2) Deduct everything you can
Forget about what your step-dad thinks about your poetry: writing is work. (We can get into why writers need to be paid for their work another time.) And as with any work, that means you’ll have income and expenses. Expenses are where those helpful tax deductions come in. Your expenses lower your net income, which means you’ll owe less to the IRS.
So what’s a deductible expense? According to Smith, deductible expenses are ones that are ordinary and necessary to your work. In other words, “If it’s something you bought because you’re a writer, it’s deductible.” Some of the tools you require as a writer may serve double-duty, like a computer, cellphone, or internet bills. “Those are necessary to your work,” Smith said. “So even if you would have bought them if you weren’t a writer, it’s still totally or partially deductible on your tax return.” Another big one to consider is rent. If you do the majority of your writing at home, and have a dedicated place for your writing, you’ve got a home office and you can deduct that percentage of rent from your taxes. (The same applies if you rent office space for your writing.) “It’s really fine to do that, and it’s appropriate to do that because it’s ordinary in your line of work to have a desk that you write at and necessary to your work to have a desk to write at,” said Smith. To me, that sounds like a good reason to get a bigger, more deductible desk.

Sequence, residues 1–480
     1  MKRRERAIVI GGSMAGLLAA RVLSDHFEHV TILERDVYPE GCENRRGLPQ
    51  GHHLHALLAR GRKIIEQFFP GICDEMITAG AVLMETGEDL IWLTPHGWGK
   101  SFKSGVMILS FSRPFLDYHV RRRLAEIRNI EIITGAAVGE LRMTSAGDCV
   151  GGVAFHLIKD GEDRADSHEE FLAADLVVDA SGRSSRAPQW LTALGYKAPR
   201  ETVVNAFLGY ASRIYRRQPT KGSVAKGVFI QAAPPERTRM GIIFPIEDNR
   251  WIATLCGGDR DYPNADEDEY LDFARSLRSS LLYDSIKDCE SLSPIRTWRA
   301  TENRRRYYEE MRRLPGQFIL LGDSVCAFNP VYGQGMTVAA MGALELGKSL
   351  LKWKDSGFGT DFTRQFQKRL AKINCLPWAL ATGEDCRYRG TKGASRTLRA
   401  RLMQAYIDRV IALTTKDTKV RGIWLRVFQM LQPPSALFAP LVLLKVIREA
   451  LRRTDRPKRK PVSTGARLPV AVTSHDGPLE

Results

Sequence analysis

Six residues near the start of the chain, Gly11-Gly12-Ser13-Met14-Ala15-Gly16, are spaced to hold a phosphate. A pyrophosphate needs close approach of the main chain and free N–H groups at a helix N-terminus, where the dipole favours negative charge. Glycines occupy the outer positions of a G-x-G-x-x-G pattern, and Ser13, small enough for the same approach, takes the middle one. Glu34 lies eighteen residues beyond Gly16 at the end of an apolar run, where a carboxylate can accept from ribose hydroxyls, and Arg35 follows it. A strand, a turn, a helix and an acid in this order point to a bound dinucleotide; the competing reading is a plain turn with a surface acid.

Now, here’s a quick look at how deductions can lower your income and, as a result, the amount you’ll owe in taxes. Let’s say you’re working on a novel, but you support yourself through a full-time job and some freelance writing. In addition to tax liabilities from your day job, you’ll have to file Schedule C to pay taxes on your freelance writing, which brought in $5,000. First of all, congratulations! Now let’s look at your expenses: